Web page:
The speed of light in a vacuum -- 299,792,458 metres per second - is one of the fundamental principles and outcomes of the theory of relativity, the core constant of the universe and a total, hard limit for the velocity of everything.
Turns out it might be wrong.
Physicist James Franson of the University of Maryland has submitted a paper to the New Journal of Physics in which he claims to have evidence that the speed of light is actually slower than we thought.
Franson observed the supernova SN 1987A, which exploded in 1987, and noted that the photos arrived 4.7 hours later than expected. Scientists at the time said the photos were probably from another source, but Franson argues that the light might actually have slowed as it travelled due to a process called 'vacuum polarisation'.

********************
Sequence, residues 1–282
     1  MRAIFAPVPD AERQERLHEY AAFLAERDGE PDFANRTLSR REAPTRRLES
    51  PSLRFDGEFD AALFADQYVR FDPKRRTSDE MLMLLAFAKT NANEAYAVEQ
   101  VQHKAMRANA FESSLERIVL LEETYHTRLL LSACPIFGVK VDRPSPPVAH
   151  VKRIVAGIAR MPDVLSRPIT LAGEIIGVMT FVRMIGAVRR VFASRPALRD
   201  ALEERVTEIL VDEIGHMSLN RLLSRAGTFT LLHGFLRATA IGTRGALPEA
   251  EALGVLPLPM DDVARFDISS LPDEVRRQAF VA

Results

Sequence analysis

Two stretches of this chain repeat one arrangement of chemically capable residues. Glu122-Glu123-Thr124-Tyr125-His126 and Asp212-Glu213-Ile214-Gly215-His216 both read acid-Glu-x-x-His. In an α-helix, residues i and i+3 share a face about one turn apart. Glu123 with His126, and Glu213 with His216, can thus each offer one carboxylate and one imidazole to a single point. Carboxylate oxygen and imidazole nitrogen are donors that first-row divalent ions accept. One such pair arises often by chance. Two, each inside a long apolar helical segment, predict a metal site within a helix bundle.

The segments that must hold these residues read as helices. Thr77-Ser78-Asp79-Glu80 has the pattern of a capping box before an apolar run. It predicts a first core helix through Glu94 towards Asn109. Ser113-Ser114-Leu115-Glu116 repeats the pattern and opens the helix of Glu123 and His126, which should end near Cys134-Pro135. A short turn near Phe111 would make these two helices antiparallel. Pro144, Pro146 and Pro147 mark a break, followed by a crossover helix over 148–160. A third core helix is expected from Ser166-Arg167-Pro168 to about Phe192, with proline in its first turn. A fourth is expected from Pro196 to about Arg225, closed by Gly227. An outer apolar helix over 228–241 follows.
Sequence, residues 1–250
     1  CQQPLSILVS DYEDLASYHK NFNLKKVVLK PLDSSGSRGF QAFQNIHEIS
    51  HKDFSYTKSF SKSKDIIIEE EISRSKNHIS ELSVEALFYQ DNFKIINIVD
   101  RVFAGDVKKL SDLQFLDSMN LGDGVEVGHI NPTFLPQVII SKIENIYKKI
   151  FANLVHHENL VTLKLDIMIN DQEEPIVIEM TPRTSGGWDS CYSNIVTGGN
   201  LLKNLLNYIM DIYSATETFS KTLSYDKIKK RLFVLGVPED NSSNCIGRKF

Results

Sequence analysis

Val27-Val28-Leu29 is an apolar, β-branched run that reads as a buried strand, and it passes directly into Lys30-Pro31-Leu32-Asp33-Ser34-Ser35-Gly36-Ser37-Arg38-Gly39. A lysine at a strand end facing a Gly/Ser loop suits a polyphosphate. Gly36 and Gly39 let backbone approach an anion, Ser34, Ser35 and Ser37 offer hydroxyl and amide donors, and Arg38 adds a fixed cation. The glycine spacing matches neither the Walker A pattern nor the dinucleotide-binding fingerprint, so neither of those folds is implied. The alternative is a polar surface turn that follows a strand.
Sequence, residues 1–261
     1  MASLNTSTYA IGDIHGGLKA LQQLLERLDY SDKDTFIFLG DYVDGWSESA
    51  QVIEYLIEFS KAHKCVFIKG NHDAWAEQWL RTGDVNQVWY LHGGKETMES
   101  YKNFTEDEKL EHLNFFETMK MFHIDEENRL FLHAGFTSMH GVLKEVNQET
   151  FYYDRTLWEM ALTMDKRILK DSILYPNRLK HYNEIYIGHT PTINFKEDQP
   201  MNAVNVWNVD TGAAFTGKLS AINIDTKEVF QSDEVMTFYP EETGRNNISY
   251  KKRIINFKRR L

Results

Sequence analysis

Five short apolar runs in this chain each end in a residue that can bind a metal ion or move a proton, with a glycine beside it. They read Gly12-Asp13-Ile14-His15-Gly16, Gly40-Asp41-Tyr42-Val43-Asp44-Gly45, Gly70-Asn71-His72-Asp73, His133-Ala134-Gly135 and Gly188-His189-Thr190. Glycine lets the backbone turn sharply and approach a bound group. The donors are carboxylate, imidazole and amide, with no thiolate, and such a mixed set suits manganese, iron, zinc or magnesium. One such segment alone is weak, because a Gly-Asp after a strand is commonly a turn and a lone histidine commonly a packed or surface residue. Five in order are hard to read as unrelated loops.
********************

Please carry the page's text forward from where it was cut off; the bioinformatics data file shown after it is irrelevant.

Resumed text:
In that process, photons break down to positrons and electrons for a split second before recombining. Franson argues that process might have a slight impact on the speed of the photon, meaning that over 168,000 light years it could add up to a 4.7 hour delay.
The result of this effect, if true, would not be a change in the fundamental equations of relativity, but a practical consideration when calculating the distances and times between various sources of light and ourselves.
But this alone would be staggeringly important - everything from the distance to the Sun to the distant galaxies would have to be remeasured and recalculated. The very processes that operate the universe would have to be looked at again, from scratch.
The paper is now undergoing peer review.
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